LOS ANGELES (Reuters) - The shocking exit of early “American Idol” favorite Carly Smithson stunned fans, but on Thursday the Irish singer was far from downhearted at being voted off the top-rated television talent show.
“Sixth place — I don’t think that is anything to be miserable about. I feel like I went out on high note,” Smithson, 24, told reporters after her final appearance Wednesday night.
“I am cool. I am so happy. I just feel I have been given the greatest gift ever to be on the show,” she said.
For Smithson, 24, “American Idol” was a controversial second chance to make a career in the music industry. At age 15, she got a record deal that went nowhere after her first album “Ultimate High” sold only a few hundred copies.
Smithson said the publicity surrounding her previous efforts may have worked against her on a show that is supposed to find fresh talent.
“I think I started out with bad press, and I don’t think that helped me. I felt like (judge) Simon (Cowell) set a high bar for me and I felt I had to beat myself almost,” she said on a conference call.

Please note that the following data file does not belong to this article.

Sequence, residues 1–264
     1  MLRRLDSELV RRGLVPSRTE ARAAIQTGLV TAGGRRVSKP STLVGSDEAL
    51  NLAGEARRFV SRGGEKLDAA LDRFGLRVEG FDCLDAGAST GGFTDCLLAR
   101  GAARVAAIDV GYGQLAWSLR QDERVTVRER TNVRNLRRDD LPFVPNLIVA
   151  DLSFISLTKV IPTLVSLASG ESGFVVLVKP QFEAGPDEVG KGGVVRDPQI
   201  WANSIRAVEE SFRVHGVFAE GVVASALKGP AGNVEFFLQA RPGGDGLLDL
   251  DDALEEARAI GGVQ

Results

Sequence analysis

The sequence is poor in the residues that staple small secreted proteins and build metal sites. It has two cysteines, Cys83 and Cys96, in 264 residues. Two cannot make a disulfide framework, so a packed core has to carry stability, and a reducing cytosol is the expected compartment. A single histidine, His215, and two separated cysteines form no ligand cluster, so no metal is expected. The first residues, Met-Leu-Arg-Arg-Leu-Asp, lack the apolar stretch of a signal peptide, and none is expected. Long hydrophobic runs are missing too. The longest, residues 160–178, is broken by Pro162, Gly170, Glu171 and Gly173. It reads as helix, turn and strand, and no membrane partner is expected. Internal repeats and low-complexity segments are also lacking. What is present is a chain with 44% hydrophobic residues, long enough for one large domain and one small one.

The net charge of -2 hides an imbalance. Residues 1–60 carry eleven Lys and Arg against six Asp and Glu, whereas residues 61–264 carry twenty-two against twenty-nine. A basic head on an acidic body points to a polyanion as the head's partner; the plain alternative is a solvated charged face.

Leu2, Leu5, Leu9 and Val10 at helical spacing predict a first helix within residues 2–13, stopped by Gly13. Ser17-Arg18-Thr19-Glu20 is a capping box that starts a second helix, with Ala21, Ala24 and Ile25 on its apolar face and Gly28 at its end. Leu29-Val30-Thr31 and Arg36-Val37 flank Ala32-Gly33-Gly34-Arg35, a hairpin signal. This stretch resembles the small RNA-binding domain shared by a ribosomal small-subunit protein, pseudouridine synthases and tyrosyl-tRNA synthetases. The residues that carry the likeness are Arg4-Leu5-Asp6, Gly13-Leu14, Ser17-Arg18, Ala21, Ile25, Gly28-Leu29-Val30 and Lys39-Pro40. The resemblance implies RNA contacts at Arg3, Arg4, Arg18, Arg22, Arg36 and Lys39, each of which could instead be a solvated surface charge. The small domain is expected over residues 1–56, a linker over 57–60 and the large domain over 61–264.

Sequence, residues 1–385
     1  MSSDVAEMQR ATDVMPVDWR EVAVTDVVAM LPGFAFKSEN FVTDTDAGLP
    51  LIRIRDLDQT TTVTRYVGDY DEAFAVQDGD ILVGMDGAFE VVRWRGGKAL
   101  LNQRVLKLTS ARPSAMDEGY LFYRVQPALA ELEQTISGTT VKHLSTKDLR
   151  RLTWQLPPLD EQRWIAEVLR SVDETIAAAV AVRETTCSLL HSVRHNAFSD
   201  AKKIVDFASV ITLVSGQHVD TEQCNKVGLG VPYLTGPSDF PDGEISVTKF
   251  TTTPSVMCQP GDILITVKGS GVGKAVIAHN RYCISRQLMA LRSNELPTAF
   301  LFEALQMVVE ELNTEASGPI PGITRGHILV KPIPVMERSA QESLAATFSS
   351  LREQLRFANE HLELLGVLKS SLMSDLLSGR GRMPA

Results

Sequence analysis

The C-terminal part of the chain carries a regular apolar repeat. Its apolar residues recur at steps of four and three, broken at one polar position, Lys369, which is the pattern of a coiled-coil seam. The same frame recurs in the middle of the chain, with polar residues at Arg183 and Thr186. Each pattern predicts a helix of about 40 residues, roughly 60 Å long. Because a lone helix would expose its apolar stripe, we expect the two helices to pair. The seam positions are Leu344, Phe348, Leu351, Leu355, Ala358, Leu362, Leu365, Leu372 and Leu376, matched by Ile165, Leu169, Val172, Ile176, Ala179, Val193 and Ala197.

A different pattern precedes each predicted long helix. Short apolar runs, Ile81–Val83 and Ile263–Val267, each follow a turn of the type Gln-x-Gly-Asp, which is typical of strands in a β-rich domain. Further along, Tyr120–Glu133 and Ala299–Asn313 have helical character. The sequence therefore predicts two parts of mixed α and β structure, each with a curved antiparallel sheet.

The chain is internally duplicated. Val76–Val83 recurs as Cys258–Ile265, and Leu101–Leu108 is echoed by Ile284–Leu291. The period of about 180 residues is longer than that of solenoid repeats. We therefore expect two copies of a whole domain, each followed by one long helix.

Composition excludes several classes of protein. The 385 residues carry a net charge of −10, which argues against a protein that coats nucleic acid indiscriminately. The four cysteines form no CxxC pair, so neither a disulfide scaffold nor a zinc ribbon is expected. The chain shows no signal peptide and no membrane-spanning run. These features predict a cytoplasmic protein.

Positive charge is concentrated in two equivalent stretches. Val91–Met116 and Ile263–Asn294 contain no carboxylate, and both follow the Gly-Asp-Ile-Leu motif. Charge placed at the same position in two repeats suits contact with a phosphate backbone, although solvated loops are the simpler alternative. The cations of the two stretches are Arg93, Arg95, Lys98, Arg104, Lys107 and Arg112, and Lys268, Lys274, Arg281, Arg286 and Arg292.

“I feel that ‘American Idol’ was my first real chance. It was such a different level. It is such a huge platform to launch myself.”
Bloggers and fans on “Idol” message boards speculated that Smithson’s prominent tattoos — her husband is a tattoo artist — may have put voters off, and that her choice of the title song from the musical “Jesus Christ Superstar” may have alienated some religious conservative voters.
But Smithson said she loved the prominent tattoo of a geisha on her arm, and suggested the judges may have misunderstood the image she was going for.
“I don’t think they liked the whole pop rock...idea I have about myself,” she said.
In a strong, diverse field of singers on this season’s show, Smithson said she felt the female contestants suffered from an audience that lends itself toward women voters.
“Women tend to vote for the boys, and the boys are adorable. I definitely feel the girls have had to struggle this year,” Smithson said.
With her own personal favorite, rocker Amanda Overmyer, voted off a month ago, Smithson said she could not predict the eventual winner in May.
“It’s anybody’s game. Not one person feels safe anymore. With all these shocking eliminations, you never know what is up the sleeve of ‘American Idol’,” she said.
Smithson’s exit leaves five contestants David Archuleta, David Cook, Jason Castro, Brooke White and Syesha Mercado, competing for a recording contract and a shot at the instant stardom enjoyed by two of the show’s previous winners, Kelly Clarkson and Carrie Underwood.
Editing by Bob Tourtellotte